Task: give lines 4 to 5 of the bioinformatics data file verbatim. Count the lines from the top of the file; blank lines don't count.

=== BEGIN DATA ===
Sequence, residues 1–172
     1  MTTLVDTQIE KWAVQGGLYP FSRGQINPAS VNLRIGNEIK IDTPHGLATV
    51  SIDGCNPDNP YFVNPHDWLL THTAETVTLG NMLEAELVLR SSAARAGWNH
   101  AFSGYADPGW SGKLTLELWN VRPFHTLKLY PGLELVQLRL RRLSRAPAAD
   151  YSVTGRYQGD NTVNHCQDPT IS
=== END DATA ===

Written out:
   101  AFSGYADPGW SGKLTLELWN VRPFHTLKLY PGLELVQLRL RRLSRAPAAD
   151  YSVTGRYQGD NTVNHCQDPT IS